Another “awesome” display of lightning flashed over the Cat Mountains east of Catalina early last evening, accompanied by gusty northerly winds, but that fierce thunderstorm couldn’t make it over those mountains, but rather died on the way. Only sprinkles occurred here, giving us yet another “trace” of rain day. Kind of discouraging after the prior night’s nice little rain of 0.18 inches, one that also occurred after night fall. But as we know, weather never repeats itself exactly.
———-Yesterday’s major cloud mystery———–
Many of you, I am sure noticed the remarkable cloud scene below, perhaps as you came out of the house, or during your lunch hour, and likely puzzled over it the rest of the day. I, too, wondered how that little dot of cloud got so separated from its early Mt. Lemmon spawning grounds and brothers and sisters hovering over the mountain, trying to grow up. Notice that it seems like a puff of cloud, ragged on the bottom, a little rounder on the top. Could it be the top of a “smokestack” Cumulus that somehow we missed, whose connecting parts to Mt. Lemmon have evaporated? Its an important question that we shall try to answer.
To solve this mystery, Mr. (he’s not a doctor, nor does he have an advanced degree of any kind!) Cloud Maven Person went to the U of Arizona Department of Atmospheric Meteorology and looked at yesterday’s cloud movie. These are top rated movies, and, if you’ve ever looked at them, you can understand why clouds and what the weather does can be hard to predict; locations of storms missed, etc. No computer model can see all the remarkable little cloud wiggles, sudden comings and goings, that you see in these movies, thus introducing slight errors that tend to degrade those model predictions over time. And lots of the time, the locations of the clouds at the outset of the model run is even markedly off! Below, yesterday’s complex cloud movie linked for you in the word, “Movie”:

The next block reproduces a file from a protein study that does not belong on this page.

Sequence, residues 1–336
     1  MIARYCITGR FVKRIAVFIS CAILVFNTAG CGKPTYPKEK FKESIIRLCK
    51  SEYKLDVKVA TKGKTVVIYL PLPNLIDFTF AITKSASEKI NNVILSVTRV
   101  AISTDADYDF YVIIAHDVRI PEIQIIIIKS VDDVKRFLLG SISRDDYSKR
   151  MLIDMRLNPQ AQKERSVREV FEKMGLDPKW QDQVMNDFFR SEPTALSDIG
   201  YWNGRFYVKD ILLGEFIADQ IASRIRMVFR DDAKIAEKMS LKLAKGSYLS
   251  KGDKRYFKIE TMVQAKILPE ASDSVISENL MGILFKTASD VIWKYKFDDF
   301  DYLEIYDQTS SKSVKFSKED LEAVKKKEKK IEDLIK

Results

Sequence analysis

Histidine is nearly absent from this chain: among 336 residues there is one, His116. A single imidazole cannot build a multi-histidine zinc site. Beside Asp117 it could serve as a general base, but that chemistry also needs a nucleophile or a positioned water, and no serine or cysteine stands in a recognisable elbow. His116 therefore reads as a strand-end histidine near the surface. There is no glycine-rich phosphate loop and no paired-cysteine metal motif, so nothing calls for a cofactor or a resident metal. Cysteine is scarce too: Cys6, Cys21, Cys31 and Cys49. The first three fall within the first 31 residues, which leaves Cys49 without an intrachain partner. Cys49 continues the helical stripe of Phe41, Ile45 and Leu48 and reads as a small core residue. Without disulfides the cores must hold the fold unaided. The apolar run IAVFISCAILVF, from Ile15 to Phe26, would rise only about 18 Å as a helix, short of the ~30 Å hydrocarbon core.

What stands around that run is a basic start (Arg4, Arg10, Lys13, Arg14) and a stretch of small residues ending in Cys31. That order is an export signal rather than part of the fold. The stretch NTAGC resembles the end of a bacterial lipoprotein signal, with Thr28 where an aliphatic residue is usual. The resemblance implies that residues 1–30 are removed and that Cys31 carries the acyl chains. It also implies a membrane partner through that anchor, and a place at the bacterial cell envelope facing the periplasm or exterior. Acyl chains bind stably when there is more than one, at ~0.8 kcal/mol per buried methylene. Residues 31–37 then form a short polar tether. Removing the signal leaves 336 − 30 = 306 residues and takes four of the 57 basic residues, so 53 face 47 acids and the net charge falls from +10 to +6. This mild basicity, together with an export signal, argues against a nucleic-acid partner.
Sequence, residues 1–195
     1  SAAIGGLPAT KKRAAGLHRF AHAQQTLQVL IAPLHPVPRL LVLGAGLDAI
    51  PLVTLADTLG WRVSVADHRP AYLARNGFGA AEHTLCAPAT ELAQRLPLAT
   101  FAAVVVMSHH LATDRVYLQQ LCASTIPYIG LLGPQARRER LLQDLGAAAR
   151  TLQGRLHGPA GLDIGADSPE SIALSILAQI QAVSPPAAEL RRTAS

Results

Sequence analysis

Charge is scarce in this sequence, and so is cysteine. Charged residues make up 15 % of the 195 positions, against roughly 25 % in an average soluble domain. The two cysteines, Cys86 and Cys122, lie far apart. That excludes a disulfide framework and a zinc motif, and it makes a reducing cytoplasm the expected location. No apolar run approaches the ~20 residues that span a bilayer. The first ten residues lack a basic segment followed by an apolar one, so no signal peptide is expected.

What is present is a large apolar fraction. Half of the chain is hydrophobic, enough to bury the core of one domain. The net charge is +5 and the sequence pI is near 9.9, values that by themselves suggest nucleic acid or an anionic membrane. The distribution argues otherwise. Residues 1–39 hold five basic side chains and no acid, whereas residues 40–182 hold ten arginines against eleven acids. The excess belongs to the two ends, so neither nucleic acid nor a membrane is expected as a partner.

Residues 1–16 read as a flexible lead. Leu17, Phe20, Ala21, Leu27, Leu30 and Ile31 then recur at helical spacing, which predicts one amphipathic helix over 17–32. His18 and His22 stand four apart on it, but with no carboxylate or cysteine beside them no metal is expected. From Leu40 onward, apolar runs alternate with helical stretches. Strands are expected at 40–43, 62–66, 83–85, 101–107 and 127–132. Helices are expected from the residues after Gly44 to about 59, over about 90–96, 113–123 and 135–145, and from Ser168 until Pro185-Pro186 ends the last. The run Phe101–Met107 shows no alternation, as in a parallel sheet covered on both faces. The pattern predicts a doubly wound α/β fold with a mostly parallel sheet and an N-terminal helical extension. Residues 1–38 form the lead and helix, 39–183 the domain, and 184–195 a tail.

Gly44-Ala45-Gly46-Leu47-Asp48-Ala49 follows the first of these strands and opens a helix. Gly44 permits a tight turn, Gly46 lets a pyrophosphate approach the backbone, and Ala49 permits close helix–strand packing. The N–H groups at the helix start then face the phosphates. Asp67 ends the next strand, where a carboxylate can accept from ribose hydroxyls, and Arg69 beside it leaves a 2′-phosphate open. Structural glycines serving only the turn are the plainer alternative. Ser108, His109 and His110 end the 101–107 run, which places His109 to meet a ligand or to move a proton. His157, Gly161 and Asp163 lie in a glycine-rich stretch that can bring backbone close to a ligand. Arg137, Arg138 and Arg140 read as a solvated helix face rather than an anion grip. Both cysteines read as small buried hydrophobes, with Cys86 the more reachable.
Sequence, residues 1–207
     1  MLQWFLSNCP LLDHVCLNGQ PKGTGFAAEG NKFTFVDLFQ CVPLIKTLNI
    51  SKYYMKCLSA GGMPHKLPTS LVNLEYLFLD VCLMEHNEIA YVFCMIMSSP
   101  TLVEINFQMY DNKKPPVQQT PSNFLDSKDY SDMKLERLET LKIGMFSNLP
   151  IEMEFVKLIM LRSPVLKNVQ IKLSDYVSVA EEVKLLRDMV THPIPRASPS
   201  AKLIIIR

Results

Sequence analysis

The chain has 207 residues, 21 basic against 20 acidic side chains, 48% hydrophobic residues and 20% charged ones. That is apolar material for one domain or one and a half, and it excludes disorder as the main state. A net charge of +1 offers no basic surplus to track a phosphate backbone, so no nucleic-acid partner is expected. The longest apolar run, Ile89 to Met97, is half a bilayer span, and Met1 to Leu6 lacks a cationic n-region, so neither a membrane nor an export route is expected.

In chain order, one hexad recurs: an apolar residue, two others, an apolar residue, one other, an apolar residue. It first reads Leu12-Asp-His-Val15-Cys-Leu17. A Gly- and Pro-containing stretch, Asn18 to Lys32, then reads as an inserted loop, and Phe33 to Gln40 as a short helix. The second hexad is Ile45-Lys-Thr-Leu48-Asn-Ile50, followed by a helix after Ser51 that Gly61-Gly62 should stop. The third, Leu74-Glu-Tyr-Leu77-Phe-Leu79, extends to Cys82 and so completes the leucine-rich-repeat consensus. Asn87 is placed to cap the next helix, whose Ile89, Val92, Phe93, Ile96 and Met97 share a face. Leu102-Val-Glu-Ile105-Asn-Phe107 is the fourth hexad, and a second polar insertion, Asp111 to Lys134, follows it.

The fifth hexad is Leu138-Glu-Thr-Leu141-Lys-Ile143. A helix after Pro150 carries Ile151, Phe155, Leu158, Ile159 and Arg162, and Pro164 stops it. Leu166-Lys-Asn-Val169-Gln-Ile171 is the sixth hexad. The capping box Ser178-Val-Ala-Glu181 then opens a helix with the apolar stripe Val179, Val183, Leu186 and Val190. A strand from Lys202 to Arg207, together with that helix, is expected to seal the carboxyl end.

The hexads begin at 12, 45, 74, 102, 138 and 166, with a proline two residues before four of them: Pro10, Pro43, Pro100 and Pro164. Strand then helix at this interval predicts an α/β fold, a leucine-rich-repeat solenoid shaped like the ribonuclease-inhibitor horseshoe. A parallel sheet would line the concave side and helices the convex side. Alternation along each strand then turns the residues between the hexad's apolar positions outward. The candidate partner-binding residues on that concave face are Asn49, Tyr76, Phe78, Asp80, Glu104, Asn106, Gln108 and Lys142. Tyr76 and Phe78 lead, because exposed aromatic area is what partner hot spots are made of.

You will barely be able to read the time of the day in the lower left hand corner, which adds further complexity in solving this problem, but if you look closely you will see that a minute or two BEFORE the shot above at 12:51 PM, and slender tower rose up from Ms. Lemmon, its trunk evaporating almost immediately, but the last thing to evaporate was the little puff above that sped westward toward Samaniego Ridge.
In conclusion, I think we have solved yesterday’s cloud mystery.
——————-end of cloud mystery module——————–
That such a cloud could shoot up and out from Mt. Lemmon like this one did was a sign that there was great environment for much larger clouds, at least in the fall of the temperature with height (lapse rate), but that more humidity was needed to keep them from evaporating as they tried to grow. It wasn’t long before the hopeful sign of a Cumulonimbus calvus (anvil not formed yet) appeared beyond the Catalina Mountains, and the chance of evening rains, as the models had predicted, began to look better.
What seems to be ahead…..
The U of AZ mod hasn’t been updated as of this hour….so, being in a hurry, we’ll do an “SOP” forecast (you have to see Bob for a good one. I like Bob, too) but we have plenty of lower level humidity, and there appears to be a weak upper trough passing over us today, and that “should” help to collect storms into larger masses instead of just isolated ones. Oops, let me not forget our TUS NWS computer forecast for the Catalina area, too.
So, today might be the last day for a reasonably good chance of a major rain here in Catalina. After today, and for the next two weeks, the circulation pattern is not so great for summer storms, according to the NOAA spaghetti factory plots, seen here.
It seems more and more like we’re doomed to a drier than normal summer, darn it. (Missed those first great storms, too, that started our summer rain season.)
That’s about it for my cloud world. Camera will be ready for the black shafts of summer today!